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Florida Gators 2020 preview: Quarterbacks and running backs

Robbie Andreu
Gator Sports
Florida quarterback Kyle Trask passes against Florida State at Ben Hill Griffin Stadium in the Nov. 30, 2019 game.

We break down the 2020 Florida football team by position group. This week a look at the offensive backfield.

The upside

The Gators have the leading returning quarterback in the SEC in senior Kyle Trask, and the feeling is he could experience a considerable bump in his second year as the starter under Dan Mullen and quarterbacks coach Brian Johnson.

His first season was impressive enough. He came off the bench to rescue the Gators in the second half at Kentucky and then went on to help the Gators go 11-2, throwing for 2,941 yards and 25 touchdowns to go along with only seven interceptions.

Trask consistently managed and moved the offense despite the fact the Gators had basically no running game last season.

Trask’s passing numbers actually could come down this season for two main reasons.

One, Mullen is serious about getting sophomore quarterback Emory Jones more involved in the offense, giving him more of the playbook and more playing time. That would mean fewer game reps for Trask.

Jones is a dynamic dual-threat guy who seems to fit the mold of a Mullen quarterback. When he was in games last season, his presence and threat as a runner helped get the Gators’ ground game going. He’s expected to get more opportunities in the passing game in 2020.

 The second reason Trask’s numbers could have a dip is the fact the Gators should be better and more consistent running the football. The line has more experience now and should be able to generate more of a push, and UF has a talented — and intriguing — running back room.

The running back everyone wants to see is Lorenzo Lingard, the Miami transfer and former five-star recruit who has gained immediate eligibility from the NCAA. If he is healthy, and can stay healthy, he could bring a big, game-breaking boost to the backfield.

He’ll have to earn his carries. Juniors Dameon Pierce and Malik Davis are proven players who have made big plays over the past two years. Davis appeared on the cusp of being UF’s go-to back as a true freshman in 2017 before his career was slowed by injuries (knee and foot). He’s healthy now and the coaches are eager to see how that translates on the practice field this month.

Sophomore Iverson Clement and redshirt freshman Na'Quan Wright bring depth to the position. 

Overall, Trask, Jones and those five running backs bring a lot of potential firepower to the backfield.

The downside

The Gators appear to have a lot of talent at running back, but many around the country heading into the season are questioning whether there is a dynamic player in the group.

Ranking the SEC backfields

  1. Georgia

  2. Alabama

  3. Florida

  4. Texas A&M

  5. Mississippi State

  6. Auburn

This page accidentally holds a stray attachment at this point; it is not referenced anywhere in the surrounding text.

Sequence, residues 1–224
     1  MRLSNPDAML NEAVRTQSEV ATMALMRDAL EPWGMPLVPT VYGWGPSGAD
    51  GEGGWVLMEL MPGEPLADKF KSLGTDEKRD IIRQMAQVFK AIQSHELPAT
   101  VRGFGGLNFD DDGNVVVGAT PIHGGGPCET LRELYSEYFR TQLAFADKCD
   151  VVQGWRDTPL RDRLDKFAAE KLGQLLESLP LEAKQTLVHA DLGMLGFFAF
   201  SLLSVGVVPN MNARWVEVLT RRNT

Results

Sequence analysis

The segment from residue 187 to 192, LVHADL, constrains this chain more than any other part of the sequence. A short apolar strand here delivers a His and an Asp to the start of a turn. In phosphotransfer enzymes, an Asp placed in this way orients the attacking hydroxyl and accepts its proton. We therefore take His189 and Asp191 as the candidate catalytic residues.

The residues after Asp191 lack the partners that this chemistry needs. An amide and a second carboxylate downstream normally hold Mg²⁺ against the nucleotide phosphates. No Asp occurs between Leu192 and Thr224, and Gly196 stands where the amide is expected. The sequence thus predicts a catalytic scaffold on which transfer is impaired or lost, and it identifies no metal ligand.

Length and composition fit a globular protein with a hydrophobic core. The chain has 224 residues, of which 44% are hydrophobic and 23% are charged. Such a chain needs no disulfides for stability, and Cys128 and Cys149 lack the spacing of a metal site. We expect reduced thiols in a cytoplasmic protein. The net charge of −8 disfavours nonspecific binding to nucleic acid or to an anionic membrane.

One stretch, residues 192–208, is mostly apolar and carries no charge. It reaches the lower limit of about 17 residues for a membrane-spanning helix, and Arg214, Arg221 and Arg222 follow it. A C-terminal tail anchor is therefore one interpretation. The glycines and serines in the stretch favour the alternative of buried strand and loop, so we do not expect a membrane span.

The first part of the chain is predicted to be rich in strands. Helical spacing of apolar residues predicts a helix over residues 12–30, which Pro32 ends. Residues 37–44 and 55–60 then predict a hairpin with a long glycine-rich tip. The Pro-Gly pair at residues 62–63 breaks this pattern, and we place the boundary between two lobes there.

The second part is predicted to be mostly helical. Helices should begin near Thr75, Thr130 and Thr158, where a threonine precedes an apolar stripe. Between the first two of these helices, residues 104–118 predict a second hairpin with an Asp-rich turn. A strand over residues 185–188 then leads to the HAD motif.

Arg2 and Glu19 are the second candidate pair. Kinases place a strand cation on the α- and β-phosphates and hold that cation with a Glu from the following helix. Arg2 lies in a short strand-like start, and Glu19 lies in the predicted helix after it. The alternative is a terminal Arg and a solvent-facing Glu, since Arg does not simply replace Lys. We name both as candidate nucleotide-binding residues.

7. Tennessee

  8. Ole Miss

  9. Kentucky

  10. LSU

  11. Arkansas

  12. South Carolina

  13. Missouri

  14. Vanderbilt

Pierce and Davis have shown flashes, but have lacked consistency. Lingard, who appears to have a high ceiling, must stay healthy, something he was unable to do at UM.

With a true freshman being one of the only three scholarship quarterbacks, depth is somewhat of a concern at the most important position on the field.

Young guy to watch

Na’Quan Wright. The redshirt freshman likely opened preseason camp at the bottom of the depth chart, but the coaches like his quickness, speed and potential home-run hitting ability and he’ll have a chance to make a move if he can make some things happen in those scrimmages. Wright is a player who really needed spring practice to get more reps and gain confidence. He’ll try to make up for it in camp.

Don’t be surprised if …

A dominant, go-to running back emerges over the course of the season. With the talent and depth at the position, the running game probably will be by committee at the start of the season, to keep fresh legs in the position and give everyone an opportunity. But if one of the backs gets a hot hand — and one probably will — he could end up getting the bulk of the carries.

Quotable

“(Trask) has spent every offseason preparing. He prepared himself to be ready to go. And hopefully both he and Emory have done that this year to continue to get prepared and be ready to go for that moment when their number is called to get out on the field. Both of those guys have experience in games now. It’s great to have some experience. When you look, after that with Anthony (Richardson), he’s the one to me that missing spring right now, it’s going to be a little bit of a different curve. But the other two, having that experience, having veteran players returning, I feel pretty comfortable that they’re going to be prepared for the season and ready to go.” — Dan Mullen

Probable depth chart

QB

11-Kyle Trask

5-Emory Jones

— Anthony Richardson

9-Luke Matthews

RB

27-Dameon Pierce

20-Malik Davis

21-Lorenzo Lingard

24-Iverson Clement

6-Nay’Quan Wright